Von Allen on fri 27 dec 02
Hello everyone, I've spent nearly an hour catching up on posts. I am =
wondering if anyone knows what a glaze hydrometer is and where to get =
I have a recipe for terra sig.that swears by the instrument.
Also, I was reading posts that said that chrome could be absorbed thru =
the skin. I am curious about what chemicals can go thru the skin? I =
called the poison center some years ago and was informed that chemicals =
do not go thru skin, only sores or wounds in the skin. Were these people =
If stuff goes thru skin, how can I put my hands in bleach? Water does =
not go thru my skin, so how could anything else go thru it? Just =
wondering, I'm perplexed on this one. Also concerned as I see students =
getting glaze on their hands. Should we all be wearing surgical gloves? =
Do chemicals go thru gloves? Inquiring minds want to know..
Vince Pitelka on sat 28 dec 02
"Hello everyone, I've spent nearly an hour catching up on posts. I am
wondering if anyone knows what a glaze hydrometer is and where to get one.
I have a recipe for terra sig.that swears by the instrument.
Also, I was reading posts that said that chrome could be absorbed thru the
skin. I am curious about what chemicals can go thru the skin"
Chemicals that are water soluble or oil soluble can go through the skin,
although Edouard Bastarache could give you a much more definitive answer
there. Chrome oxide is not water soluble, and is fairly coarse particle
size, and cannot be absorbed through the skin. None of the standard ceramic
oxides (chrome oxide, cobalt carbonate, cobalt oxide, manganese dioxide, red
iron oxide, black iron oxide, copper carbonate, copper oxide, rutile) can be
absorbed through the skin. It is only common sense to keep them away from
an open sore or wound.
It is best not to refer to a "glaze hydrometer" because they do not work
worth a damn for glazes. They work great for very thin suspensions, like a
terra sig. For the best deal on a quality hydrometer, go to
www.sargentwelch.com and enter "hydrometers" in the search box. You will
find a wide range of reasonably-priced hydrometers for every range. They
have a number intended for "heavy suspensions" (in chemistry terms, a terra
sig is a heavy suspension) that measure in the 1.00 to 2.00 range, but keep
in mind that in the upper end of this range hydrometers are extremely
inaccurate. They are great for doing terra sigillata, and if that is what
you want then you should get the one they sell which measures from 1.000 to
1.225. That covers the full range you would need for terra sig, and with a
lot more precision than the one which covers the full range from 1.00 to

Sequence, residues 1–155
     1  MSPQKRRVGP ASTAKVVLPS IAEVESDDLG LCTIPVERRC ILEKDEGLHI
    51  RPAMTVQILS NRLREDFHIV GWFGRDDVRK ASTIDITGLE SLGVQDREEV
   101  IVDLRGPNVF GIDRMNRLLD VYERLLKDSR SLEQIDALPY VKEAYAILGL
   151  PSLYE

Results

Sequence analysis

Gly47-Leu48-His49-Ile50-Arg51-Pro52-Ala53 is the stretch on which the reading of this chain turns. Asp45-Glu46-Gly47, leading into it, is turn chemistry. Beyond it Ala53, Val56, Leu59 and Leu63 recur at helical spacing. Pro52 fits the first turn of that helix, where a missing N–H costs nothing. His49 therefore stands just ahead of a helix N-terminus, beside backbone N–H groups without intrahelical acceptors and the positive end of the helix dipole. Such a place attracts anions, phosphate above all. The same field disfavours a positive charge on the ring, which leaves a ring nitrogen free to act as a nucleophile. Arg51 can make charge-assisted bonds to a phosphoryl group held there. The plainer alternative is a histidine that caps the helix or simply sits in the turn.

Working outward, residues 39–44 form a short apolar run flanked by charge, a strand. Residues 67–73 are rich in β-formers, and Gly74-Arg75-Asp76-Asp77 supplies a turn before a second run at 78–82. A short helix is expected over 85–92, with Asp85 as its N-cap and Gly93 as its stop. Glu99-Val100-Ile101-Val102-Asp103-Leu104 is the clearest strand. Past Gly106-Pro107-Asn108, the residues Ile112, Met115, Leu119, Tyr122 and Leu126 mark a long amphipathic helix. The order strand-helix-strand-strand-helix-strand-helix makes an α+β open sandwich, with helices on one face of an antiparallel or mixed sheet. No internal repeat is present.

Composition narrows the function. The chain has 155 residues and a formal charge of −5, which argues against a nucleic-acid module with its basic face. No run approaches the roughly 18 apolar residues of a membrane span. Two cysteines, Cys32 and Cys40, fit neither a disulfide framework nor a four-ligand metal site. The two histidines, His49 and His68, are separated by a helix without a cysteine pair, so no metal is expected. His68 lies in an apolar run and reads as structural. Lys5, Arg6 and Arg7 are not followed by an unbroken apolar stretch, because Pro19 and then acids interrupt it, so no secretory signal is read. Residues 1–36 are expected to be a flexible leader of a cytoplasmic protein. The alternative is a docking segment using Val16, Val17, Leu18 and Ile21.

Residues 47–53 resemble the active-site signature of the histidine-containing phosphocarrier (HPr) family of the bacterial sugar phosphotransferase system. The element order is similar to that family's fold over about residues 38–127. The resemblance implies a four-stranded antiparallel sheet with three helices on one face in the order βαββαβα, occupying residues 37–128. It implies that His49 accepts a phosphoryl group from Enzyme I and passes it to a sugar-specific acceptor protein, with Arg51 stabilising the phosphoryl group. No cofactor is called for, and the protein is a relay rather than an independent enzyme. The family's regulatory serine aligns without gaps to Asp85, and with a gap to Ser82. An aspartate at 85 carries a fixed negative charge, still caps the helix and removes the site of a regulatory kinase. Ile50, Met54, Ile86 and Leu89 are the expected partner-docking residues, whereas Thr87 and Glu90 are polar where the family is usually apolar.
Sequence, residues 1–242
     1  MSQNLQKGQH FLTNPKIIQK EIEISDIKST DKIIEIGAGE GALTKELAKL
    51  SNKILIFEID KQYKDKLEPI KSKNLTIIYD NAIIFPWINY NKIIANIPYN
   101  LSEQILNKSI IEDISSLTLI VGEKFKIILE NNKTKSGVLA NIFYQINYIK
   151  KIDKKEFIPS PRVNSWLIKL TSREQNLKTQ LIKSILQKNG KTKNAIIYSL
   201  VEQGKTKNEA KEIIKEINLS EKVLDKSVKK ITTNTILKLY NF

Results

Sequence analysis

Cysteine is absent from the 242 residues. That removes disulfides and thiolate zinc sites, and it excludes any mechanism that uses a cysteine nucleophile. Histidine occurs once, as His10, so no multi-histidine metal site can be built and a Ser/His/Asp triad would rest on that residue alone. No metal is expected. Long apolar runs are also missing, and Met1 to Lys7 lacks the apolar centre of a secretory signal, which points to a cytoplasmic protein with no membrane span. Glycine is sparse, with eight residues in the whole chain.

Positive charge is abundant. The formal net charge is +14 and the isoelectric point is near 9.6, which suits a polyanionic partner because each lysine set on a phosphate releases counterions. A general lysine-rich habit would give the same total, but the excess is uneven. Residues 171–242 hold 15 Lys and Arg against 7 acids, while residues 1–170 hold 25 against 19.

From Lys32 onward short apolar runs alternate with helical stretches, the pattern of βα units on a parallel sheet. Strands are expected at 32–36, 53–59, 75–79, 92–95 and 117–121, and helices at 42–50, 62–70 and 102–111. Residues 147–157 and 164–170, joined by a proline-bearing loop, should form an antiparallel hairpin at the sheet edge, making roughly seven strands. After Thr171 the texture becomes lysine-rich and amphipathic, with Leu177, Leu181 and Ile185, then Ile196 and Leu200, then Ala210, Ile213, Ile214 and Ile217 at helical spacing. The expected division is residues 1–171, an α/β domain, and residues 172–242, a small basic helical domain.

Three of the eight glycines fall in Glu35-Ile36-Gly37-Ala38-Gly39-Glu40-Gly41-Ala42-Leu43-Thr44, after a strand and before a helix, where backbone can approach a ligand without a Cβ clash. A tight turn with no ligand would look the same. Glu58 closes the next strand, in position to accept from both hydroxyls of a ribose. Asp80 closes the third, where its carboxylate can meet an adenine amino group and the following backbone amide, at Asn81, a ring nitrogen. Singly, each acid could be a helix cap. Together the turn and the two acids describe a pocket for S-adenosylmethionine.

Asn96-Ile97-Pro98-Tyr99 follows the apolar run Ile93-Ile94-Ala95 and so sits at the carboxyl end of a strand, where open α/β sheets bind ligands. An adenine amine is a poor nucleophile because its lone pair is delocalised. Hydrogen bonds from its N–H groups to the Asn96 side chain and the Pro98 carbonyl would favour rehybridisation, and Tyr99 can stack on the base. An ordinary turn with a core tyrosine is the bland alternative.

Good luck -
Appalachian Center for Crafts
Tennessee Technological University
1560 Craft Center Drive, Smithville TN 37166
Home - firstname.lastname@example.org
Work - email@example.com
615/597-6801 ext. 111, fax 615/597-6803
Lily Krakowski on sat 28 dec 02
Inquiring Minds ought to read:
Hydrometers are available at Farm Supply houses, places that sell
educational toys, and so on. Actually the gismo that tests your
antifreeze--do you have enough-- is one. You also can make your own: see
Pottery Making Illustrated July/August 2002, p 36.
Poison Control: These places are wonderful, but in my experience do much
better with emergency: the baby just swallowed.... than with the long term
effects of bad stuff. OF COURSE STUFF CAN GO THROUGH THE SKIN!!!! How
would things like "patches" with nicotine, nitroglycerine, birth-control
medication work otherwise? Go out and buy yourself one of the several books
on safety in the studio and READ IT. The Potters' Shop has several and
will recommend what is best for you. Safety/Health books are the one thing
I urge you to buy brfand-new, latest edition, as more info. comes on line.
Also: The clay magazines are excellent on keeping us informed about health
Rubber gloves are highly recommended. If nothing else they protect the skin
from the harsh effects some glazes can have on the skin. That way when
someone kisses your hand, or nibbles the inside of your wrist s/he won't
sandpaper h/er/is lips.
READ READ READ
WHC228@AOL.COM on sat 28 dec 02
Hygrometers for testing the specific gravity of glazes are usually not very
accurate. The problem lies in the fact that glaze is very viscous. You may
put the hygrometer into to glaze and get many different readings.
I routinely check the specific gravity of my glazes with my triple beam
I use a narrow necked ball flask that has a line scratched into the neck. The
small neck is necessary so that any error is minimized.
To set this up you should weigh the flask empty, and make note of the weight.
Second step is to weigh it with water up to the line.
Third is to subtract the weight of the flask from the water to determine the
weight of the water.
When weighing the glaze fill it to the line and weigh the glaze. Subtract the